My personal view, not that as a NASA official, is also the view of many scientists who are supporting the space program, and it is that while there is a understandable discussion about all these other activities that are going on in the nation's history at any time, exploration and generating and creating new knowledge is something that needs to continue because that is something that the human mind and spirit will never give up. Here is an important comparison that one scientist had made; we have a lot of things going on in many parts of the world, but we do not stop research on cancer, we do not stop medical research, or that in areas such as agriculture etc. In other words there are certain functions of knowledge generation, including space exploration, that will benefit mankind in general. I can understand that in some years you have a reduced budget and in other years you may have more budget. Nonetheless, I don't think there is any way or reason to stop this. Ultimately people realize that what NASA does is not only going to benefit the American taxpayer but also anyone who uses our technology throughout the world. In my view, it is not a question of competing priorities, it is a question of maybe allocating more or less resources as per the times. And American taxpayers are very educated and smart; they understand what NASA's contribution is.

Given your work in the observation and study of the Earth can you comment on global warming?

While this has recently become quite controversial, global warming is not a new concept. The first paper on it was published back in the 1800s. It has been studied by scientists for a long time. At NASA, our role is to make objective observations using space based satellites and then those observations are taken by other scientists to come up with conclusions about what's happening, for example, with the rising temperatures of glaciers and the melting of ice. My personal opinion is that we need to understand this complex issue in more detail. It is only now, for the first time in the history of Earth observation, that we have all the needed assets in place?such as satellite observations and powerful modeling and computing resources. We are at the threshold of understanding this issue in a far better way than we did in the past. What is known for sure as a result is that, yes, there has been a rise in global temperatures over the last several decades. That much is proven. Having said that, the question is, is it man made or natural? Or is it a combination of both? This is what we don't know. That's where we need to understand the complexities of global warming and how it affects climate. Because many a times in the geological history of our planet there have been warming and cooling phases. So to peg how much of this [current global warming] is due to human activity and how much of it is a natural rhythm of broad geological cycles, is unclear. That's where I don't think scientists have concrete answers. There is no clear causal relationship that can be ascertained. Though, in all this one also has to consider that in the past geological cycles, we haven't had the kind of human civilizations we do now, with the population that we have now.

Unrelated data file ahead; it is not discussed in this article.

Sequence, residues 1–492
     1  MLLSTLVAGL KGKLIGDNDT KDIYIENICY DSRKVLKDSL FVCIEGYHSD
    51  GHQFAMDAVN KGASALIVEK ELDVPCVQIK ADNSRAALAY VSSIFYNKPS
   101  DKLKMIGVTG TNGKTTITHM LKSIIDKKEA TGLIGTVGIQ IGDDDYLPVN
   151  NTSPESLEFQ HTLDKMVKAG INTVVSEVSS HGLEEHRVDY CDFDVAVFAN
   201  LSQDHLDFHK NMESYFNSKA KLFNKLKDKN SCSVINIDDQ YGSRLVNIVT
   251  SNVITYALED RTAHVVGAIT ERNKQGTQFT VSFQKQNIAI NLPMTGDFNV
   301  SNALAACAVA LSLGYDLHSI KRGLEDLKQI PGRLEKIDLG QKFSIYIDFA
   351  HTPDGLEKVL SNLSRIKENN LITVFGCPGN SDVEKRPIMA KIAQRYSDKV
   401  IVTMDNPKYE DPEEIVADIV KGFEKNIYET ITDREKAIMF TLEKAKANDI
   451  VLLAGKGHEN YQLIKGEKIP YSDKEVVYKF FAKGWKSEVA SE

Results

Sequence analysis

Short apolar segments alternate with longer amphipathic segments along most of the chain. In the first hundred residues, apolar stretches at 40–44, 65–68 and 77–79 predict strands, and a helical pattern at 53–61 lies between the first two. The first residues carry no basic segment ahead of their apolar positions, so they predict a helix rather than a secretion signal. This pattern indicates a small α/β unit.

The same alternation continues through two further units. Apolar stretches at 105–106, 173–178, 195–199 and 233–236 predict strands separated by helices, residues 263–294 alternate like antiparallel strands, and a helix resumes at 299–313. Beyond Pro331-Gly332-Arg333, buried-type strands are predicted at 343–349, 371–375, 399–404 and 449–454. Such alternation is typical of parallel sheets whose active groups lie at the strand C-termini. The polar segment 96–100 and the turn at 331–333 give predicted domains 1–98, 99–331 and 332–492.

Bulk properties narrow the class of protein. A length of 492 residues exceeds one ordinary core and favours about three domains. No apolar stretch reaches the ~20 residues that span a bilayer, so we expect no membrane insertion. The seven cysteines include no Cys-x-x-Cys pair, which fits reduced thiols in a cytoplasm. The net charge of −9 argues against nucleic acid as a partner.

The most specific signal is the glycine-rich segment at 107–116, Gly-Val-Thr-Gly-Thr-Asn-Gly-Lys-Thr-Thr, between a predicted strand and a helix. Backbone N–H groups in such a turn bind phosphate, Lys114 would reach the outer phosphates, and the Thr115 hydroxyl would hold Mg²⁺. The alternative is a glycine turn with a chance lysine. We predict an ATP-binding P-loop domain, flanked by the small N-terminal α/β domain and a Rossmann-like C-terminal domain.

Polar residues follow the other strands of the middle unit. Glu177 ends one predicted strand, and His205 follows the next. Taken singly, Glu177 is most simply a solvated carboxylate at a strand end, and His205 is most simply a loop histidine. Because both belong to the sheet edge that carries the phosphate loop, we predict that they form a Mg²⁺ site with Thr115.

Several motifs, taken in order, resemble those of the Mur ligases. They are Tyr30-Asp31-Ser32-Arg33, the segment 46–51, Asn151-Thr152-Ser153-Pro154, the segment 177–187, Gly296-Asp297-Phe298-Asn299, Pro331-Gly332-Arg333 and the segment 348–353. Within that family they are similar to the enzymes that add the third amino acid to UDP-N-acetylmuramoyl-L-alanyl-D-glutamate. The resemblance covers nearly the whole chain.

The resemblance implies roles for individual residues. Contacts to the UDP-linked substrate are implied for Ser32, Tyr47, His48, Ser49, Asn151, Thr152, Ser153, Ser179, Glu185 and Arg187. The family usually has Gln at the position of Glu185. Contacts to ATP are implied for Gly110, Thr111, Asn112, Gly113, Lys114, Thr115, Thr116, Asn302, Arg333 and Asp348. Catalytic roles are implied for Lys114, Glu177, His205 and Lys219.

How about deforestation? Is that a concern?

That has been a very interesting assessment for the last twenty years. There are many articles and magazines that reported in the ‘80s & ‘90s about the threat of deforestation. The interesting thing to realizes is that it is not that simple. The assessment is quite complex. In many regions of the world, we see that the land cover has been altered at a minimal level. Then there are regions that scientists call hot spots. These are critical zones where deforestation is to the extent that it is harming the ecosystem. But on the other hand, there are zones where deforestation has reversed, and we have more forested area then before. So, in answer to the question of deforestation, I would say that the planet's forests and vegetation are very resilient. There are hot spots that we need to monitor so that they don't further degrade. But in many Western countries, there are more forest now then there were twenty years ago. The picture is quite hopeful in my view.

Can you briefly tell us about your journey to NASA?

I was inspired to think about space research after the historic Neil Armstrong landing on the moon. I completed two Ph.D.s; one in Space Remote Sensing and one in Earth Environmental Sciences. I was a professor at universities in India and the U.S. before joining NASA. I've been with it for almost 20 years and have been involved in very exciting research and operational projects in the space shuttle and international space station programs.

What does it take to rise to the top at NASA?

Three things: passion for space research, the highest credentials possible, and hard work! One should also have a good ability to solve problems. NASA hires not only scientists but they also look for graduates and doctorates from all majors. They have many departments that they hire for.